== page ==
The war ended and we might have expected Cap to hang up his shield find some laurels to rest on. But he didn’t – not exactly. His monthly comic book adventures continued until 1949 when he just sort of disappeared.
According to a story that appeared much later, he spent the years between 1949 and 1964 frozen in an ice block. He was thawed and, though reinvented, has been a reigning good guy ever since.
I hesitate a little sitting down to write a rave review of Captain America: Civil War because a year ago I wrote a rave review for Avengers: Age of Ultron, and when I rewatched that to make sure I was all set for this new installment I found it rather tedious. Are these, perhaps, movies that trick us into liking them with their big action scenes, clever dialogue, and sweeping scores— but only really play in a big theater with a bucket of popcorn? Are there no legs to these films? Will we be as embarrassed of them in 20 years as we are of Batman Returns now? The correct answer to these questions is a resounding “who cares?” It doesn’t matter if these are immortal treasures, the Casablancas or French Connections of our time, only that they’re fun to watch now and they are, perhaps the most fun this side of Fast & Furious, and we should cherish and celebrate them even if they might be a bit fleeting.
I was the perfect age to be completely enamored with the Civil War comic book series. I was finishing up my junior year of college and I could not get enough of any super hero comic book with a political allegory thrown in. If you wanted to have someone talk your ear off about how Margaret Thatcher influenced British comics in the 80s with not even a whiff of proper context I was your guy. Civil War the comic felt timely and provocative while Civil War the movie feels decidedly less so. We seem less concerned these days about government surveillance and intrusion in to our lives. There was probably a good pivot to be made to police militarization and violence, especially when Captain America learns that the order is to kill Bucky on sight, but there’s seemingly no interest in exploring this and it’s hard to blame them when Marvel is interested in making a billion dollars, not in being provocative.
They’re going to earn that billion dollars, too. Civil War is a crisp, effective, action movie that provides ample fan service without feeling overdone. Early in the film I thought I was completely worn out by super hero action sequences, and then they get to the big signature set piece where all the heroes fight each other and I was completely riveted. It helps that their big dramatic fight scene has a brand-new wisecracking Spider-Man and a welcome returning Ant-Man to keep things light and glib and just the utter opposite of Snyder-esque. The final fight scene has that overwrought gritty feeling creeping in, but by that point the stakes have been jacked up so many times that I was willing to forgive it. It’s a dark violent fight but it’s so well directed and the cramped environment makes it feel immediate, imposing, and fresh. Civil War has some fantastic character moments but it needs to live and die by its action sequences, and with the exception of one that felt lifted from The Bourne Identity it consistently hit the mark.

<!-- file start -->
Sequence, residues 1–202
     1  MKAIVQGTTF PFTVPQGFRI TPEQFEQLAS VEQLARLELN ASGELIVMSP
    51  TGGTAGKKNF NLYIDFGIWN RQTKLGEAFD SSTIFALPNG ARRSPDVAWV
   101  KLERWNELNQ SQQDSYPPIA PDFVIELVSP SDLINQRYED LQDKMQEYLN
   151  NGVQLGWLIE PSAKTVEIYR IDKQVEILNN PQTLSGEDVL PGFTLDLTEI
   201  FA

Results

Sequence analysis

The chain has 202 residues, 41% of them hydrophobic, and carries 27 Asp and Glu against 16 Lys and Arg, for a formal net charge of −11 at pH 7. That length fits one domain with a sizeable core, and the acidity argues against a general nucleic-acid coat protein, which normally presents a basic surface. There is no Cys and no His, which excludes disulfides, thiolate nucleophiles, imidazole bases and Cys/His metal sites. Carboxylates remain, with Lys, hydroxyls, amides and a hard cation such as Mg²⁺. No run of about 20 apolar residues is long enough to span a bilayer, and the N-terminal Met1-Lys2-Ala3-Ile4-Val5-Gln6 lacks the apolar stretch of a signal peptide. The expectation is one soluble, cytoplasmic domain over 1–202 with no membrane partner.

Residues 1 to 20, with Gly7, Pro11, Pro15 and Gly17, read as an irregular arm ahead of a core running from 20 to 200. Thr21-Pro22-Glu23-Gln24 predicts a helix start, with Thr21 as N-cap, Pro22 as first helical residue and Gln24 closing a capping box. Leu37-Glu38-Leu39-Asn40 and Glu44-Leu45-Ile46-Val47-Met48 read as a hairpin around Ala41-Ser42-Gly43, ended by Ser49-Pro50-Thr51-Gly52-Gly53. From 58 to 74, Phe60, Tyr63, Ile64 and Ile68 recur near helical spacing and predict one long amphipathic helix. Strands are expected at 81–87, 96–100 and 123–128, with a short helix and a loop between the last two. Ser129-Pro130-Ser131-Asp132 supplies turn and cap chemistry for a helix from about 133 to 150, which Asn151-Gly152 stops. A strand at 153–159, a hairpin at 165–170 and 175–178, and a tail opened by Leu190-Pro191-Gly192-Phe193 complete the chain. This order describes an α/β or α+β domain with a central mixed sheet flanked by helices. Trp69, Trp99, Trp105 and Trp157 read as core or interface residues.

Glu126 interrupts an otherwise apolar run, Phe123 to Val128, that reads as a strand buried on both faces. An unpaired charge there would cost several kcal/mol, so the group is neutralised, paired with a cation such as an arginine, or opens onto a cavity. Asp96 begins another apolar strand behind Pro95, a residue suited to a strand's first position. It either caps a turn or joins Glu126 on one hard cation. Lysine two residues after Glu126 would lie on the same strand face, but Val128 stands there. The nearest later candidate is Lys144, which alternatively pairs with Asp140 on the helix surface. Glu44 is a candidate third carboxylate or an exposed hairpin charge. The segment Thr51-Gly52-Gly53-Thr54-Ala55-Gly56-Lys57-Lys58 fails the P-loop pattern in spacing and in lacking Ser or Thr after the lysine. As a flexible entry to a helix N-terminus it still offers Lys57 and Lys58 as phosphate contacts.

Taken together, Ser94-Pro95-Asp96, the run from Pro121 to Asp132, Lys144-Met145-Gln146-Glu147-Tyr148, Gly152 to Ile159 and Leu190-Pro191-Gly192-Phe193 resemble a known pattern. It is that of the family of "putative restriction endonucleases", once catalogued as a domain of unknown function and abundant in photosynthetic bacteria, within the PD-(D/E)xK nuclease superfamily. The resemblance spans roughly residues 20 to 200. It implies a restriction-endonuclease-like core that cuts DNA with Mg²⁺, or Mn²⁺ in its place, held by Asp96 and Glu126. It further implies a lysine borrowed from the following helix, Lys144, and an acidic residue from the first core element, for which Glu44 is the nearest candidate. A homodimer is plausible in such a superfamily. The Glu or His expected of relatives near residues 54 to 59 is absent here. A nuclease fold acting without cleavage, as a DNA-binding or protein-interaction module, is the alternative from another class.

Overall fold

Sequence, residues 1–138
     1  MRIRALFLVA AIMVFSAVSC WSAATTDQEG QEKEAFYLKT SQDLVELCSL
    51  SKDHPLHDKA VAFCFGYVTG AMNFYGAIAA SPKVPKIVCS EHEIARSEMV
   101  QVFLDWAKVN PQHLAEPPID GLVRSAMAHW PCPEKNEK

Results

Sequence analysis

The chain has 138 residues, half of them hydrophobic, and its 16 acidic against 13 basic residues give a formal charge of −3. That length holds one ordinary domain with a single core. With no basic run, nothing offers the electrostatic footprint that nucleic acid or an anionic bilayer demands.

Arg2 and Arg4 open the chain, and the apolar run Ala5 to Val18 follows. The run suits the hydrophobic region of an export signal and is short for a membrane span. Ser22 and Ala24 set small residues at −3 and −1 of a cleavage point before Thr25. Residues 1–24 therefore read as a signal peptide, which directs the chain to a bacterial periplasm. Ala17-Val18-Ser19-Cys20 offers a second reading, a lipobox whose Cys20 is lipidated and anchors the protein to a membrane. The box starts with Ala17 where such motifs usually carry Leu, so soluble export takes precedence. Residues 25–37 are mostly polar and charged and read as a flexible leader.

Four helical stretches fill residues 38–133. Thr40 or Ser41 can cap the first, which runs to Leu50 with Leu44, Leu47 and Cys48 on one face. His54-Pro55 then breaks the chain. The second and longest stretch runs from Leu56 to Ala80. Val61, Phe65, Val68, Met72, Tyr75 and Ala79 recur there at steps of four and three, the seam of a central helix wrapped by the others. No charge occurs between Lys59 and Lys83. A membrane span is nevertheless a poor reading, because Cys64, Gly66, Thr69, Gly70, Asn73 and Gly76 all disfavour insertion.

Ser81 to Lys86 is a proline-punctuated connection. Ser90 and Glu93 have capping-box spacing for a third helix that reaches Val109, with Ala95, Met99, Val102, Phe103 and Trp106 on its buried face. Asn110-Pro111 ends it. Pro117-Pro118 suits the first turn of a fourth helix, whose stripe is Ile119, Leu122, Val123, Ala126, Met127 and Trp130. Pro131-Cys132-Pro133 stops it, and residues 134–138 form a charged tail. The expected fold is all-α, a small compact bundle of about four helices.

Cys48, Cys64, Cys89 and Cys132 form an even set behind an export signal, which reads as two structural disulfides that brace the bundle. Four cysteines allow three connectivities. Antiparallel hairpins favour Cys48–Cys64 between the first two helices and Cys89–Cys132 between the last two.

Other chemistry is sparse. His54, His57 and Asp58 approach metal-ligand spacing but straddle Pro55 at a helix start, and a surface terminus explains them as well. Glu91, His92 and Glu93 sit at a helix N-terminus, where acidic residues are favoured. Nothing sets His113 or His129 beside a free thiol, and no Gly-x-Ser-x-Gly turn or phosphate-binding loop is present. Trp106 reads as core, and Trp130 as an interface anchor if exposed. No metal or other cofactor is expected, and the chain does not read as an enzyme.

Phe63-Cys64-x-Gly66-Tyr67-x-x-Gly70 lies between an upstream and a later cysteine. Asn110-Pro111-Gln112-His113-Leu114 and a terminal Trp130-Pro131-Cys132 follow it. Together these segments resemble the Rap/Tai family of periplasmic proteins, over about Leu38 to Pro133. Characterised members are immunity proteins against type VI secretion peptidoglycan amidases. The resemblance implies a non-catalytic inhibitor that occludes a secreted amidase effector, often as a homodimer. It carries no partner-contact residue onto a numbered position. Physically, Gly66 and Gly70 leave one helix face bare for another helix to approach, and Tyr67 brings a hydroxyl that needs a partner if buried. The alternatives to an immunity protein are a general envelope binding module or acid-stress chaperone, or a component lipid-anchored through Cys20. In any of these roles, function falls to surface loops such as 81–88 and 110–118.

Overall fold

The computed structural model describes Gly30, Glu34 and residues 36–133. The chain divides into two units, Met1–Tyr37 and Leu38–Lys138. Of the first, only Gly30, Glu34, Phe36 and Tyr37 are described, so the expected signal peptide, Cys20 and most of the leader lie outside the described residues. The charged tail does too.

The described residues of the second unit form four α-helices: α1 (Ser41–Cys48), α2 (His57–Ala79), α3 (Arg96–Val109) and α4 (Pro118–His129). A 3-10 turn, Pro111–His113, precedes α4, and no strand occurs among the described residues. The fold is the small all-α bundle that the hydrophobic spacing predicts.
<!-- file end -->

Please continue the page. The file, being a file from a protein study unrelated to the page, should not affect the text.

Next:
I’m beginning to wonder if the Marvel Cinematic Universe is starting to strain under the weight of its own continuity. The scenes between Vision and Scarlet Witch were generally charming but they mostly felt like they were setting things up for future movies rather than relating directly to the action at hand. Similarly, I was thrilled to see Chadwick Boseman debut as Black Panther and while he’s a riveting presence (and an A+ costume) it felt like they were saving all the good bits for his solo movie, and while I’m excited to see it that movie comes out in two years, I paid for this ticket now. I understand that this is bigger than any one movie, but I want these events to feel important and self-contained and not just part of some endless march to Thanos or whatever the endgame after that is. Comic book movies should be evocative of their source material, but should avoid the more glaring pitfalls of sequential storytelling with excessive continuity when they can.
I like so much of what they put on the screen in Captain America: Civil War and most of my complaints seem to be about the things they didn’t do or problems outside the scope of a movie like this, and while I do think a more timely, more self-contained film would have been more enjoyable it doesn’t take away from how good it is now. We are looking down the barrel of a rough summer when it comes to standard-fare action movies, and when I’m sitting through Teenage Mutant Ninja Turtles: Out of the Shadows I’m not going to be thinking about how Civil War dropped too many hints— I’m going to miss how it could stage a compelling grandiose action scene and how none of the characters looked like expressionless CGI blobs. Civil War is as good as superhero action films get, or at least as good as they get with no Hulk.
Captain America: Civil War is complicated, and sprawling, and intense, and funny, and dark, and in the end, nobody wins. It has one of the best multi-superhero fight scenes out there, and yet the first half of the movie is held together by a series of quiet and deeply personal moments that develop numerous character arcs without feeling random or forced. Neither side of the fight along which lines are drawn – over the issue of whether to sign the Sokovia Accords, which will hold the Avengers accountable to the United Nations after their actions in saving the world have caused multiple instances of massive civilian casualties – seems entirely right.